- 521 reports of suspected COVID-19 cases have been tested for far according to the Ghana Health Service
- These cases were recorded both at the Noguchi Memorial Institute for Medical Research (NMIMR) and the Kumasi Centre for Collaborative Research (KCCR)
- Aside the 521 suspected cases, 598 contacts have been traced in connection with people who have tested positive for the deadly virus
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A total of 521 suspected cases of the deadly coronavirus otherwise known as COVID-19 have reportedly been tested in Ghana so far, YEN.com.gh can report.
The Ghana Health Service made this information known on their official website where it was also indicated that all 521 cases came from both the Noguchi Memorial Institute for Medical Research (NMIMR) and the Kumasi Centre for Collaborative Research (KCCR).
These values were gathered on March 23, 2020, by 14:00 hours before the Ghana Health Service confirmed that the number of COVID-19 cases in the country had risen from 24 to 27 with two deaths so far.
"Out of the 521 cases that were suspected, twenty-seven (27) cases including two (2) deaths have been confirmed," the report said.
It is also clear that all the 25 confirmed cases which are currently active in the country are receiving treatment and being carefully monitored in isolation.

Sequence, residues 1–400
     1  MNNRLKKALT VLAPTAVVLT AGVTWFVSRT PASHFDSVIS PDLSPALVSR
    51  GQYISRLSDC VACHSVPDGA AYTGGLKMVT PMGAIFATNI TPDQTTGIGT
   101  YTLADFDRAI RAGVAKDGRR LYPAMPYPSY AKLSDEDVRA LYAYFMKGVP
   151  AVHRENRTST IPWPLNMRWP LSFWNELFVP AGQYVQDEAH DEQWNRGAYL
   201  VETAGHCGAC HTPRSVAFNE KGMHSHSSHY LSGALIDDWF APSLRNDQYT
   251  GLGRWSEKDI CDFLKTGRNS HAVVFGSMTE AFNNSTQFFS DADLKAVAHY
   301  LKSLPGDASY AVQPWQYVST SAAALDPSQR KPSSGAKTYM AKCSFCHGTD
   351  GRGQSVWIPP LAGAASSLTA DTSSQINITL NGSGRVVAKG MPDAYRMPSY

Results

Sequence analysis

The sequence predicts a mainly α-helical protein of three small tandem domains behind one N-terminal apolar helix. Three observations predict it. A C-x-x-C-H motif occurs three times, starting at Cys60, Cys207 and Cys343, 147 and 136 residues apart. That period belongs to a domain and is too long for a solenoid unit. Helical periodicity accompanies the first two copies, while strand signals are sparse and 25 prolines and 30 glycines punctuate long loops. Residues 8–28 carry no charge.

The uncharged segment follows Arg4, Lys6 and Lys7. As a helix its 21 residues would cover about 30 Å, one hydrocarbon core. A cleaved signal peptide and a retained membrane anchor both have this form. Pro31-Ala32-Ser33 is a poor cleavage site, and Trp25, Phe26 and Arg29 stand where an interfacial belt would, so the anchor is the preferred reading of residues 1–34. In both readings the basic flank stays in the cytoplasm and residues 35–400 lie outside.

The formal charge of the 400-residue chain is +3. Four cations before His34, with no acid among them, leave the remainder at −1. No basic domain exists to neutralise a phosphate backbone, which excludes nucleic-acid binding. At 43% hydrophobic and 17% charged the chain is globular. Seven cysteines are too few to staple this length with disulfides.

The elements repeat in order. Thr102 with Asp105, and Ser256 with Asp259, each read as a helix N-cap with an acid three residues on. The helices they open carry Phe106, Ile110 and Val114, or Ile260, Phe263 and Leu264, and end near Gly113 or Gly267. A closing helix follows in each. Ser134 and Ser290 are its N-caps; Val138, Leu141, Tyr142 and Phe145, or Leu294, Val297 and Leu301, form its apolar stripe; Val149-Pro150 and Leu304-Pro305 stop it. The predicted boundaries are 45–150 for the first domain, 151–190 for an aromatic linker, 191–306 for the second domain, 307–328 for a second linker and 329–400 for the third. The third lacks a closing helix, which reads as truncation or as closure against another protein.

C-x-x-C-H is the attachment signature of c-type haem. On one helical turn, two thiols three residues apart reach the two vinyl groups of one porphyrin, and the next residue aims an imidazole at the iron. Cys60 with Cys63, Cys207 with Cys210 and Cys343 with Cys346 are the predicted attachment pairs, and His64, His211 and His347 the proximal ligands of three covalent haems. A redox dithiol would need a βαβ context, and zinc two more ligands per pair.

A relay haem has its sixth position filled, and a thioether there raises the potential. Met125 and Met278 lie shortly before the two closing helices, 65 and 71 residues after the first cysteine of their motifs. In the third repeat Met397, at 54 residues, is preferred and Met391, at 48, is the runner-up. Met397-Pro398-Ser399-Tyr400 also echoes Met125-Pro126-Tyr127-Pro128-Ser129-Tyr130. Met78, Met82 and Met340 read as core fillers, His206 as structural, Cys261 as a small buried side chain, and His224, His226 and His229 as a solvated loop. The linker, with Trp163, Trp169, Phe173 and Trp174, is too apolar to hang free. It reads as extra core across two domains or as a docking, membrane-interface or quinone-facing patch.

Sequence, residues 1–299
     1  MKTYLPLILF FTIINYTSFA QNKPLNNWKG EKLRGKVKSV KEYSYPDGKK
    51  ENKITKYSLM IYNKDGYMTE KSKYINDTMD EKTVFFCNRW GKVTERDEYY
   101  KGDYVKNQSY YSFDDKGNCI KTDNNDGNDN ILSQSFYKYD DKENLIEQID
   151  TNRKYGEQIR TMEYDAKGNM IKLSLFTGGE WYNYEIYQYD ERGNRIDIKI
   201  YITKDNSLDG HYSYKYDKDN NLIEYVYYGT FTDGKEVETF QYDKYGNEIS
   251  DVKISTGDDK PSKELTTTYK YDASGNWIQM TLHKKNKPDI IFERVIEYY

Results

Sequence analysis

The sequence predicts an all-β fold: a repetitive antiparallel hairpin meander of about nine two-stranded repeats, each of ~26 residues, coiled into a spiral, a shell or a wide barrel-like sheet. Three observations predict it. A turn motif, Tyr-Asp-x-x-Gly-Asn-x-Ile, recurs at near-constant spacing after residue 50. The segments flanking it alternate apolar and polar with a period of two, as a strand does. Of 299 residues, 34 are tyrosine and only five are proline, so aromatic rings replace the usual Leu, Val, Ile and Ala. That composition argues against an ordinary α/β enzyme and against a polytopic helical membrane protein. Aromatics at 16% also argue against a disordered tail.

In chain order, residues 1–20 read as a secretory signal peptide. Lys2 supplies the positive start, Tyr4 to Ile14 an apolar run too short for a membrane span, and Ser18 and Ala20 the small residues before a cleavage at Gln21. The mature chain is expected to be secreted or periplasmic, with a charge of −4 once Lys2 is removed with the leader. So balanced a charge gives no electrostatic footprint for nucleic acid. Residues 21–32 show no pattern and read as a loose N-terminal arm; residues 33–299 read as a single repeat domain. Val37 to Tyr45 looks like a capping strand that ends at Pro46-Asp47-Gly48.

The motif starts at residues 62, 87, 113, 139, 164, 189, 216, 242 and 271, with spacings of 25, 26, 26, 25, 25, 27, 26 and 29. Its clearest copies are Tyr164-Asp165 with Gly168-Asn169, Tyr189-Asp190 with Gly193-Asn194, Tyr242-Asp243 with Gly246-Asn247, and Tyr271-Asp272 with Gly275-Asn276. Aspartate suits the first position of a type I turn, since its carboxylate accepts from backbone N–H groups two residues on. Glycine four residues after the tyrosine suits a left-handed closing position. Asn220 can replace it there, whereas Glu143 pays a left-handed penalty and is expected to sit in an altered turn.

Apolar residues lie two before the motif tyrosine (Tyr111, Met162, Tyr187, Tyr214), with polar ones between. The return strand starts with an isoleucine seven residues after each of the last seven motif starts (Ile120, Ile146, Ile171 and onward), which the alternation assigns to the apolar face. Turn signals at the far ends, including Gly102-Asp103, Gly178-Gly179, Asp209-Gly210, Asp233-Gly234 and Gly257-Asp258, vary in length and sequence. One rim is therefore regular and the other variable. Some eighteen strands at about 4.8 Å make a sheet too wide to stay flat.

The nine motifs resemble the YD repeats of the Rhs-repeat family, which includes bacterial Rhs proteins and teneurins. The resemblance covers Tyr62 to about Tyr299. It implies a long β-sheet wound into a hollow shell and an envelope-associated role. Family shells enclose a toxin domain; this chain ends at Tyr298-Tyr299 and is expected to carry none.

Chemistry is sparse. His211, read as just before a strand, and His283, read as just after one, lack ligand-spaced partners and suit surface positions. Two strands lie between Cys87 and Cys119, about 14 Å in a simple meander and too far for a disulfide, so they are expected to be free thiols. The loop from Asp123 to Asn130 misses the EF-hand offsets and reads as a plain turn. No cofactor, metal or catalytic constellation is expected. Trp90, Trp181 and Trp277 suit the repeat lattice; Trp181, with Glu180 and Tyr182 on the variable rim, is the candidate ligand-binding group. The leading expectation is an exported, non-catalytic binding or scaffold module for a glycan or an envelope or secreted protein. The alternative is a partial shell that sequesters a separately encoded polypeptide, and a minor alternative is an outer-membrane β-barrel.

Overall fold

Out of the total number of confirmed cases which is 27, 20 are of Ghanaian nationality whilst the rest of the seven came from other countries namely, Norway, China, the UK, France and Lebanon.
In respect of contact tracing, a total of 598 contacts have been identified and are being tracked out of which one has reportedly tested positive so far.
In other news, a global pandemic with attributes resembling those of COVID-19 by name H1N1 or Influenza or Spanish flu occurred in 1918 and killed an estimated 100,000 Ghanaians.
A report gathered by Cambridge.org, indicates that the disease was introduced into the then Gold Coast by shipping along the Southern Coast and overland across the Northern Frontier.
The influenza epidemic killed 100,000 or more people in less than six months and was almost certainly the worst short-term demographic disaster in the history of Ghana.
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